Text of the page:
Nov 28, 2018

How updated standards for new cars could boost the AV industry

A family of crash test dummies at Ford's Dearborn Development Center. Photo: Bill Pugliano/Getty Images

Because current safety tests are outdated, the National Highway Traffic Safety Administration is preparing to update its New Car Assessment Program (NCAP) to incorporate newer features, including some that will be in autonomous vehicles, into the safety rating program.

Why it matters: The U.S. is a global leader in AV innovation, home to 163 AV-related companies. But a flourishing market requires rigorous and consistent safety testing of all new technology, and NCAP updates will play a crucial role.

Background: Current NCAP tests have yet to catch up to what's on the market today, much less what's coming as AV technology advances.

  • Many widely available automated features, such as automatic emergency braking and adaptive cruise control, aren't addressed.
  • Crash test dummies developed in the 1980s are used in the tests, but they don't have as many sensors as today's models.
  • Common scenarios — like small-overlap crashes, which involve roughly one quarter of the vehicle — are omitted.
  • They also largely overlook pedestrian safety, despite the fact that accidents involving pedestrians reached a 25-year high in 2017.

How it works: The proposed 2020 NCAP would test safety features and crash- avoidance systems in an updated set of scenarios, and clearly communicate to consumers how they factor into the overall vehicle safety rating.

  • High ratings will improve consumer confidence in partially and fully autonomous vehicles, which should create an incentive for AV companies to push for robust safety standards.

What to watch: NHTSA leadership is currently reviewing feedback submitted during the October public comment period by automakers, testing equipment suppliers, automotive safety councils and consumer advocacy groups. It is up to them to chart the path forward, ideally in time for manufacturers to conduct internal tests and implement design changes for their next model-year vehicles.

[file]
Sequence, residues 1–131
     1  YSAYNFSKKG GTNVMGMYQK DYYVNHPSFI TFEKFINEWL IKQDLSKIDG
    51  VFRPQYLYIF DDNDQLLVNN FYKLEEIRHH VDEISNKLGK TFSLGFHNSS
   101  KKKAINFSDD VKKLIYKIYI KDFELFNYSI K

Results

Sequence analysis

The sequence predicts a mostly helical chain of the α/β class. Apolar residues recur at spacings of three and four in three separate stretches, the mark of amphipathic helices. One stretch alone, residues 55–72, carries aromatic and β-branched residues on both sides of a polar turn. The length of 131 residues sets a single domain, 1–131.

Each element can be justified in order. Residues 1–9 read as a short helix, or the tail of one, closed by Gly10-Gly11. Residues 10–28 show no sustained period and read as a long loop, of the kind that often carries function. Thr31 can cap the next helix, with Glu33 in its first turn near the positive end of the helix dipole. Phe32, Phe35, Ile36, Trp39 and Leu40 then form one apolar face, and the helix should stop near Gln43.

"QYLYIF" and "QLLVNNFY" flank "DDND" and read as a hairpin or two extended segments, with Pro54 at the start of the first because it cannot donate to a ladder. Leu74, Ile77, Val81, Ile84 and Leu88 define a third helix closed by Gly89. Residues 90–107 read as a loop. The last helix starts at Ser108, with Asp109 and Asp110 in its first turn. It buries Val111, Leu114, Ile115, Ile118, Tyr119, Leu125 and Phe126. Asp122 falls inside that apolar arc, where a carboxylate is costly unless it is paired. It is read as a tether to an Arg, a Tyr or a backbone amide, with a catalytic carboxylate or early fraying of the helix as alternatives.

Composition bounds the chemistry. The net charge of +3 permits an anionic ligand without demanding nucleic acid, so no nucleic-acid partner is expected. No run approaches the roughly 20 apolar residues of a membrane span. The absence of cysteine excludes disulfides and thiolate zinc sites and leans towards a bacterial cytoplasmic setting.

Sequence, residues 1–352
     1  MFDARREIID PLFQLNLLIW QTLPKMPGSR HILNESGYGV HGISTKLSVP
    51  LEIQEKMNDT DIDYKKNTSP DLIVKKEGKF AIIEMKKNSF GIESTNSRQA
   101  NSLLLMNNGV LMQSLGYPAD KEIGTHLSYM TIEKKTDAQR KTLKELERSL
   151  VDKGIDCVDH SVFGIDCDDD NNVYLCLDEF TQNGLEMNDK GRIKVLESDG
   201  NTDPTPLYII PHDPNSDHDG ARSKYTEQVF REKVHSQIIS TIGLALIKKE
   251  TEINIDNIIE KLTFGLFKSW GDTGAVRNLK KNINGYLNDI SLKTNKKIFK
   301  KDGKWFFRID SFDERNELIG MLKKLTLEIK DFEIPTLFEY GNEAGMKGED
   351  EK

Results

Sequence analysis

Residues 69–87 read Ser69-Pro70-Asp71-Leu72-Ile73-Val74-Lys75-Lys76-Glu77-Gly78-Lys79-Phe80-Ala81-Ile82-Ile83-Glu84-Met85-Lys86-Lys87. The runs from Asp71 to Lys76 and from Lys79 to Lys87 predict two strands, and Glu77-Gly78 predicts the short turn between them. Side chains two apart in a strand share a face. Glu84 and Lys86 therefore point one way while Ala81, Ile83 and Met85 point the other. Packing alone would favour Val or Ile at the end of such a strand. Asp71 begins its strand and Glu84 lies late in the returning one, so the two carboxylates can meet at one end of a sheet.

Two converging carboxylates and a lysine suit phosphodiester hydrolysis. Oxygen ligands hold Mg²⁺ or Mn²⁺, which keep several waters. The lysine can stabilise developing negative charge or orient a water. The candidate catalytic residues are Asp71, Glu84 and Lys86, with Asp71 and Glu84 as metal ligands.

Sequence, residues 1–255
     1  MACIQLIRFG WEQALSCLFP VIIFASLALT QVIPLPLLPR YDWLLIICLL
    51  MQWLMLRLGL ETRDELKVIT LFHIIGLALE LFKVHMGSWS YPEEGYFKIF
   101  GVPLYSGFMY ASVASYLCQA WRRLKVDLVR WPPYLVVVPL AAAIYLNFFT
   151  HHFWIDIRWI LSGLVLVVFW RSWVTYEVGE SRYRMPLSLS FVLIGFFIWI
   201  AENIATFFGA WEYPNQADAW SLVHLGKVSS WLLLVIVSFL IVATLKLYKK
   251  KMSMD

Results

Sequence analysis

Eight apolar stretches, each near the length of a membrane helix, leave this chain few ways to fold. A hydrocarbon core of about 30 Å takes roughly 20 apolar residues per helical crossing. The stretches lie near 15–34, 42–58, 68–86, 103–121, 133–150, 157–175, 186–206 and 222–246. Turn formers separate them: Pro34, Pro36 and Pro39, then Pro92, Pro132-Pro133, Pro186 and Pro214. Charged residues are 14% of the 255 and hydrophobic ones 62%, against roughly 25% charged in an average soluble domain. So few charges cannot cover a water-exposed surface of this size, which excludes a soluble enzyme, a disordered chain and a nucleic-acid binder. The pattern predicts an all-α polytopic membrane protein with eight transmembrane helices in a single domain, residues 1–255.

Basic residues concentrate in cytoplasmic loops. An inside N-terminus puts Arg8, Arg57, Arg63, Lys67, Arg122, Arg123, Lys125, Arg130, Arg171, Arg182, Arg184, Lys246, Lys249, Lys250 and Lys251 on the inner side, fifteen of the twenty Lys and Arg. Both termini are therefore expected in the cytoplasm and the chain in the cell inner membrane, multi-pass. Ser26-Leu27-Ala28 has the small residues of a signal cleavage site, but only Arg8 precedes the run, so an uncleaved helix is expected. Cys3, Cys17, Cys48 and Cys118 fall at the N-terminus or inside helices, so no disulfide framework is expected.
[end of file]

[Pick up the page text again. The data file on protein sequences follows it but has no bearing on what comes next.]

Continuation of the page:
Christopher O’Connor is the CEO of Humanetics.

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FBI to investigate death of black man after video shows officer kneeling on neck

A man protesting near the area where a Minneapolis Police Department officer allegedly killed George Floyd. Photo: Kerem Yucel/AFP via Getty Images

The FBI will investigate the death of a black man for possible civil rights violations after video emerged of a Minneapolis police officer kneeling on the man's neck for several minutes, ignoring protests that he couldn't breathe, the Minneapolis Star Tribune reports.

The big picture: The man, identified as George Floyd, was being arrested for alleged forgery and appeared to be under the influence of alcohol or drugs, according to a police press conference Monday night. Police say he resisted arrest before suffering from “medical distress."

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  1. Global: Total confirmed cases as of 1 p.m. ET: 5,543,439 — Total deaths: 347,836 — Total recoveries — 2,266,394Map.
  2. U.S.: Total confirmed cases as of 1 p.m. ET: 1,669,040 — Total deaths: 98,426 — Total recoveries: 379,157 — Total tested: 14,604,942Map.
  3. Trump administration: Mike Pence's press secretary returns to work after beating coronavirus.
  4. States: New York reports lowest number of new coronavirus deaths since March.
  5. Public health: The final data for remdesivir is in and its benefits are rather limited.
  6. Education: A closer look at how colleges can reopenNotre Dame president says science alone "cannot provide the answer" to reopening.
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Updated 1 hour ago - Politics & Policy

Pentagon watchdog sidelined by Trump resigns

Fine testiying before the Senate Judiciary Committee in 2017. Photo: Drew Angerer/Getty Images

Glenn Fine, the Pentagon's principal deputy inspector general, submitted his resignation on Tuesday.

Why it matters: President Trump removed Fine as the Pentagon's acting inspector general in April 7 after a group of independent federal watchdogs selected him to lead the Pandemic Response Accountability Committee, which was set up to oversee the rollout of the $2 trillion coronavirus relief bill.